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How You Doin? Wendy Williams Wins with Frank Talk Talk (and Wigs!)

Wendy Williams

The wild daytime diva, celebrating her 500th episode, is expanding into a full-blown entertainment brand -- but doesn't want to be like Oprah.

Last fall, the Debmar-Mercury daytime talk show The Wendy Williams Show -- No. 1 among women 25-to-54 in key markets including Chicago, Philadelphia and New York (where it is filmed) -- was renewed for two more seasons through 2014. Now host Wendy Williams, 47, who parlayed an incredibly successful 20-year-plus career in radio into a TV show, faces her 500th episode since the July 2008 premiere (she gave up her radio show a year later). It's only her latest milestone: She's a New York Times best-selling author and designer of a QVC fashion jewelry line, Adorn, that this fall will include shoes. "I'm going to have everything from bitchy, stylish, five-inch heels to very comfortable flats with a pointy toe," she says, adding that her shoes will be available up to a size 12. She's competed on Dancing With the Stars and has a cameo in the Steve Harvey hit film Think Like a Man. Williams, a married mother of an 11-year-old son, is finalizing a wide-ranging production deal that will have her producing reality and scripted fare. She also wants to turn her two memoirs (The Wendy Williams Experience and Wendy's Got the Heat) into a biopic. Asked who would play her, the New Jersey native replies: "I'm ready to play myself."

THE HOLLYWOOD REPORTER: You will mark your 500th show on May 23. What have been your best show moments?

Wendy Williams: Well, gee, I certainly have enjoyed the times my parents have come on the show. We have Paula Abdul coming on the day of the 500th show. And Paula Abdul is our kind of people.She's slightly tilted. Like the show, like me, like the people who watch the show. I mean, we're all flawed, nobody's perfect.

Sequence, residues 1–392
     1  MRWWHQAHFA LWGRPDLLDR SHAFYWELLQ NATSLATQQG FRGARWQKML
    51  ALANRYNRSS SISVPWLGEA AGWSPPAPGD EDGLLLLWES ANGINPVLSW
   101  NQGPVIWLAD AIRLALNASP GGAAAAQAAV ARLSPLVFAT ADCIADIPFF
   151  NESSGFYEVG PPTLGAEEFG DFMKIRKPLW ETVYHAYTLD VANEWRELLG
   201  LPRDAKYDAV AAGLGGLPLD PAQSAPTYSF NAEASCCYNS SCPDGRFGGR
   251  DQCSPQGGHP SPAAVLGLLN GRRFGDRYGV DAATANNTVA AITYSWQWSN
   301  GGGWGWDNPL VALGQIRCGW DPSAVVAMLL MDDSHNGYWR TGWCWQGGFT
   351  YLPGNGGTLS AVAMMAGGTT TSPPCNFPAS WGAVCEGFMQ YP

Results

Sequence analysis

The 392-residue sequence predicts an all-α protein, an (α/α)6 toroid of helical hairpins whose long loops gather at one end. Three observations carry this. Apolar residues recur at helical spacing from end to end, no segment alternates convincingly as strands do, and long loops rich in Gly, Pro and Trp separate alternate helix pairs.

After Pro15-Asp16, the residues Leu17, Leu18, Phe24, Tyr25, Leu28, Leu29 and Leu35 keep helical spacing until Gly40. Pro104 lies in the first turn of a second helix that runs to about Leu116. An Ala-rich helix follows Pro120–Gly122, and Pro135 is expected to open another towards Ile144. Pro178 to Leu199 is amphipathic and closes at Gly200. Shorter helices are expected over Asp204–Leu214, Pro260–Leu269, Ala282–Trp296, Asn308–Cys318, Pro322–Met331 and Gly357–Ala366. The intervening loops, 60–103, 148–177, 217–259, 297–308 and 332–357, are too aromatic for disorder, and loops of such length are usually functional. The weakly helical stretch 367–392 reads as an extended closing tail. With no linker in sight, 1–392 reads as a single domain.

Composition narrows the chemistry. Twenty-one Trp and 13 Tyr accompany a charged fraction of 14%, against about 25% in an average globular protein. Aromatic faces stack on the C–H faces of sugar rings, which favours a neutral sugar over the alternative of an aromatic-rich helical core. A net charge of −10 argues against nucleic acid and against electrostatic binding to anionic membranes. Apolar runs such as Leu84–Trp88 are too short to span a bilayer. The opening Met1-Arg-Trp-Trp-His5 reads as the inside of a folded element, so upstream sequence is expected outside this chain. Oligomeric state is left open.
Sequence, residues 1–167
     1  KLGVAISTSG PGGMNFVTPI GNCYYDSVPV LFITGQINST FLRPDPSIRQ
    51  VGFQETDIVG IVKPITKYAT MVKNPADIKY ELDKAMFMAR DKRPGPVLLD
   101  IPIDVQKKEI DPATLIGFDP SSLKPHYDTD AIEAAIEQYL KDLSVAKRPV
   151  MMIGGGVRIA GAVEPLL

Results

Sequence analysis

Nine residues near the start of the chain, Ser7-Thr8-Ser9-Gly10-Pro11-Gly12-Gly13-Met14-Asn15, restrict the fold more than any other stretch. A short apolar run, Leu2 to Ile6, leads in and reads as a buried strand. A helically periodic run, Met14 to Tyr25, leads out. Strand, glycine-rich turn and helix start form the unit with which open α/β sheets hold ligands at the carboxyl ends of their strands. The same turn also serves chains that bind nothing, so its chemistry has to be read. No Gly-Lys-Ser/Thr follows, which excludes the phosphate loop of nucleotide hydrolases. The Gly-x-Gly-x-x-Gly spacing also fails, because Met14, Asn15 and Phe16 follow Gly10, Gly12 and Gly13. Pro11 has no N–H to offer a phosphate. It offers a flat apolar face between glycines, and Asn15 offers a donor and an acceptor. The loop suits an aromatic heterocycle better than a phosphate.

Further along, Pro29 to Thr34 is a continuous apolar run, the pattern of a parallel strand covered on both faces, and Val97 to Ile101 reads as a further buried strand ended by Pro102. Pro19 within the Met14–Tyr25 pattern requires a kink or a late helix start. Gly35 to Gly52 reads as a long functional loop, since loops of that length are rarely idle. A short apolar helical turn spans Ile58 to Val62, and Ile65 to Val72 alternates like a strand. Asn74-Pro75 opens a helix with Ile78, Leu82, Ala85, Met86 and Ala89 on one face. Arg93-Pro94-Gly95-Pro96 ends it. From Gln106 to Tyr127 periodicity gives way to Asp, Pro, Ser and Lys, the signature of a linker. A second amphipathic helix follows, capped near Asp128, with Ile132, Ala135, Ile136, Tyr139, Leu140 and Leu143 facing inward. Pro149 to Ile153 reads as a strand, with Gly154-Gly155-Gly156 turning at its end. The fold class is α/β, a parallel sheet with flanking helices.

THR: How are you a good interviewer?

Williams: I'm a curious person. My mom and dad are very, very smart. Writing and conversation were musts when I was growing up. There was no TV in the kitchen; you had to come with intelligent talk about something. They didn't want to hear any stupid foolishness.

THR: When your show pans to the audience, I see a lot of hair.

Williams: Thanks for observing that! (Laughter.) Those are my people. See, that's the part that makes our show so special. It starts with me, but it includes a fabulous co-host -- my studio audience. We do remind them that this is not just any talk show, so when you come, we want you to be lively, use the extra hairspray. You know how they say that when you think you're overaccessorized, take one thing off? Not us! Put something else on and come to Wendy!

THR: Who do you think your daytime competitors are?

Williams: Everybody from Judge Judy, Rachael Ray, Dr. Drew. Judge Judy isn't even a talk show. I'm a Judge Judy junkie.

THR: Do you think you're filling a void for African-American audiences?

Williams: Yes. I'm the only black person at this point on daytime with my own show. Sherri [Shepherd] and Whoopi Goldberg are there with Barbara Walters [on The View]. When I first got started, a lot of people were like, "So now that Oprah's gone, do you feel it'll be easier for you?" And my answer was always, "While I love and respect Oprah, that's not the kind of talk show I plan on doing." And people couldn't see beyond that because all they saw was my blackness. Now I think people get it.

THR: You have a fashion line on QVC, you've written books. Would you want to have your own network like Oprah?

Williams: No. I've learned that's way too much work. I would love to be able to do a few more years of the talk show, to send my son to college off the Wendy Show money and for him to grow up to be a good human being, unaffected by his mother's craziness.

THR: Have you ever considered political office?

Williams: No! I'm not scared to be investigated because I've outed myself regarding everything. I just don't have time for the waffling.

THR: Do you think you're nicer now than you were when you were on the radio?

Williams: Being on TV in front of people is a lot different than sitting in a dark room with a microphone. When I had my radio show, I was on four hours a day for 20-something years. If you put a live microphone in front of Mother Teresa for that amount of time, she'd piss somebody off.

THR: Tupac, Jay-Z, Will Smith and Mariah Carey have all insulted you in songs. How do you feel about that?

Williams: Without those song mentions, I might not be on TV right now. There is a large segment who may have never heard about me on the radio, but they heard Tupac tell me I needed to go to Jenny Craig. Or Mariah Carey tell me that I'm all up in her business. So I love them for that.

THR: Who will your next feud be with?

Williams: I don't pick them, I never have. Things just happen. (Laughter.) People are so sensitive.

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WORDS FROM WENDY: ThHR asked Williams for the first phrase that came to mind for:

  • Mitt Romney: Oh no. Oh no. That's it.
  • Michelle Obama: Push-ups. I saw her do push-ups on Ellen DeGeneres' show, and that image will forever be in my mind.
  • Barack Obama: Another term. He needs another term.